In this comparative, descriptive study, diseases such as dementia, Parkinson’s, and anemia, as well as low levels of consciousness and severe cognitive impairment, were significantly more prevalent among persons admitted with a sacral PU. Parkinson’s disease and advanced dementia are common neurodegenerative disorders of the elderly.20 The natural course of these diseases includes impaired mobility and increased rigidity and spasticity. Atiyeh and Hayek21 described a case report of a young quadriplegic patient with severe spasticity presenting with a large infected ischial PU. Jaul22 reported in a cohort study of patients in a skilled nursing department that severe spasticity is one of the major risk factors for atypically located PUs. In a comparative study,23 advanced dementia was commonly accompanied by aspiration pneumonia, febrile episodes, difficulties with eating, and results in malnutrition.
Studies show cognitive impairment is a risk factor for PUs. Based on results from a large database of 75,168 elderly patients living in a community setting in the UK, Margolis et al24 reported various medical conditions as risk factors for PU. Their multivariate analysis showed the presence of Alzheimer’s disease and Parkinson’s disease indicated high relative risk (2.0 and 2.3, respectively) for PU development. A prospective cohort study25 of 323 nursing home residents with advanced dementia, followed for 18 months before death, reported 38.7% developed a PU.
Anemia of chronic disease may indicate the severity, progression, and instability of the patient’s medical condition that contribute significantly to PU development. Anemia was common in the PU group in this study (see Table 1), confirming the results of Chauhan et al’s26 cross-sectional study in medical and surgical wards in India, where anemia was a significant risk factor for the development of PUs. Anemia of chronic diseases is known to have a negative effect on PU healing due to impaired tissue oxygenation. In their retrospective study, Keast and Fraser27 reported that providing erythropoietin to 4 patients with a grade 4 PU improved their mean hemoglobin level and decreased mean wound surface and depth. Margolis’ cohort study24 showed anemia had a relative risk factor of 1.7 in univariate analysis but not in multivariate analysis. The explanation for this discrepancy is that anemia among the elderly in community settings is less severe and less likely to be due to chronic disease than anemia occurring among patients in a skilled nursing department. The current study supports the conclusion anemia is more prevalent in patients with PU; whether anemia is a risk factor for PU development remains to be determined.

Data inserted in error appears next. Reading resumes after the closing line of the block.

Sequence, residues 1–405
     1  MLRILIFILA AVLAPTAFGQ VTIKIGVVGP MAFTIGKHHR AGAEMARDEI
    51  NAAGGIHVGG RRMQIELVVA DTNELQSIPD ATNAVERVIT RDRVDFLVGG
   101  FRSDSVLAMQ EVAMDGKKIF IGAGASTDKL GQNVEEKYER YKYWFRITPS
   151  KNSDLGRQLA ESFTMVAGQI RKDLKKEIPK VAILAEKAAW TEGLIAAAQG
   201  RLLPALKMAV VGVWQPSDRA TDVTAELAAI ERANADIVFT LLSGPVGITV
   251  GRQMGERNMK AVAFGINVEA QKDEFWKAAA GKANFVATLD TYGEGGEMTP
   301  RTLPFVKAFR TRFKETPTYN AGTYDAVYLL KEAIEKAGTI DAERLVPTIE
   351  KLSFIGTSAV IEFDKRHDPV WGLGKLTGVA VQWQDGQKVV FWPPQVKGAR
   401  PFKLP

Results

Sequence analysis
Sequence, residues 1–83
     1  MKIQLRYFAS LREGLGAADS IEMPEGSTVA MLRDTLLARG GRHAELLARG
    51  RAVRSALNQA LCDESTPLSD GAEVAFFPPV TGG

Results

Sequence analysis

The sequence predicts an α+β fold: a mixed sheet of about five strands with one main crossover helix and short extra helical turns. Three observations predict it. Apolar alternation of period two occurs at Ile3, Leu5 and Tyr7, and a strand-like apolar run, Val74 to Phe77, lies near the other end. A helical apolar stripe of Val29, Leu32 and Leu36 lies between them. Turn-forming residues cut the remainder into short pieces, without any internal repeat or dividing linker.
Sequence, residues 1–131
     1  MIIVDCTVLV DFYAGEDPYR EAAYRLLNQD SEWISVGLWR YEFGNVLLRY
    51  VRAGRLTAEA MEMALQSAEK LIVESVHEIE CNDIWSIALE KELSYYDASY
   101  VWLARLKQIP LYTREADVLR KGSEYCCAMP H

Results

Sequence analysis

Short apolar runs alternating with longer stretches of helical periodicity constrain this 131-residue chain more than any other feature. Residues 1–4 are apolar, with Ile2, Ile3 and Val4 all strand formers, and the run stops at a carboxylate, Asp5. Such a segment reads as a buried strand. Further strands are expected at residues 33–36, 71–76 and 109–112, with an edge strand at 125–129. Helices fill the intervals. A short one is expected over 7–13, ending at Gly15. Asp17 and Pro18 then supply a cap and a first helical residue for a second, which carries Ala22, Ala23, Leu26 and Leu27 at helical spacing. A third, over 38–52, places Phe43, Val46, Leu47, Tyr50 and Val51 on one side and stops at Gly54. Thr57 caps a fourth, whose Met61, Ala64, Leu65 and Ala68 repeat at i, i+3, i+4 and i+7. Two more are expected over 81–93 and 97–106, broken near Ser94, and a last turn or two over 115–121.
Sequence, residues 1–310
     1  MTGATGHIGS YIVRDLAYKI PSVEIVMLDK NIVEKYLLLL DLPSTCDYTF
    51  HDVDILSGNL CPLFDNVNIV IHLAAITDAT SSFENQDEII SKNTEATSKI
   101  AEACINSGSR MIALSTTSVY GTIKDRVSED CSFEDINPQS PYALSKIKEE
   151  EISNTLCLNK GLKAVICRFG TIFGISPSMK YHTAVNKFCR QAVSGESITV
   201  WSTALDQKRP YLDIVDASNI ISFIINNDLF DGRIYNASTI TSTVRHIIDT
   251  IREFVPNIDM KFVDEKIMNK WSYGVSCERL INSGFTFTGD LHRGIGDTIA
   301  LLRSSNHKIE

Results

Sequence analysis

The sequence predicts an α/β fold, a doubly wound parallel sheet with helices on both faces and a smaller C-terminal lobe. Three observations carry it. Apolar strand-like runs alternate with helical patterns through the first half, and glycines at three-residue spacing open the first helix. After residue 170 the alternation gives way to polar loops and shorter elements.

Urinary catheters were more common in the sacral PU patients due to urinary incontinence. However, the use of urinary catheters in both groups was not statistically significantly different (63% in PU group versus 36% non-PU group). A longitudinal, repeated-measures study28 showed patients with urinary incontinence associated with dermatitis in long-term acute care had a PU prevalence rate of 35%. A cohort study29 of frail urinary incontinent elderly women with indwelling urinary catheters residing in the community demonstrated a high prevalence of PUs (44%).
A statistically significant higher prevalence of tube feeding was found among the sacral PU group due to difficulty swallowing. Oral feeding is known to be challenging in patients with low-level consciousness. A large number of studies indicate poor nutrition contributes to the appearance of PU. Ek et al’s7 regression analysis showed low BMI; low albumin; and limited mobility, activity, and food intake are predictors for PUs; in this study, low BMI, low total protein and albumin, and anemia were found to have a significantly higher frequency in the sacral PU patients, confirming the relationship between nutritional status and presence of PUs. A prospective, comparative study30 among 286 adult patients undergoing surgical treatment showed low BMI, weight loss, and low serum albumin were found to be risk factors for PU development. A prospective study31 of 412 postsurgical and critically ill patients revealed days without nutrition was a critical factor influencing PU development. In multivariate analysis of their prospective study among institutionalized elderly, Bergstrom and Braden32 found lower dietary protein intake was a risk factor for PU development. Margolis et al24 also reported a high relative risk of 3.0 in the multivariate analysis of PU associated with inadequate nutritional intake.
Inflammation, deficient hydration, and wound severity affect protein synthesis and consequently contribute to low serum albumin and protein as predictors for PU development.33 The current study showed the severity of sacral PUs had a number of clinical implications. Patients received more courses of antibiotic treatment due to infections caused by the ulcers or other causes. The length of hospitalization was significantly shorter for the sacral PU group (152 days versus 240 days, P = 0.004) due to the shorter survival time. One third of the patients already exhibited Stage IV PUs on admission. The median survival of the sacral PU patients was significantly less than patients without PUs (70 days versus 401 days, P <0.001).
The high mortality rate in sacral PUs raises ethical and clinical concerns. In patients with extensive and deep sacral wounds and a poor prognosis for survival, any intervention that causes undue suffering or discomfort (eg, sharp debridement and frequent repositioning) should be avoided. The authors’ recommended treatment for palliative care is to protect the wound from complications and improve the quality of life for the patient by preventing pain, discomfort, bad odor, and depression. The family should be informed and consulted concerning these decisions. Furthermore, measures to prevent sacral ulcers, fortify tissue thickness, and prevent PU progression into advanced stages should be investigated. Nutritional aspects of preventing PUs demands further research as well.
The traditional concerns with recall bias in retrospective studies are not relevant in this case because the review relied on charts rather than patient memory. Another potential limitation of the study relates to extrapolation of the data. Patients in a skilled nursing department are not representative of community-dwelling patients with a PU. Frequently, once community patients have a Stage III or Stage IV ulcer, they are referred to inpatient settings.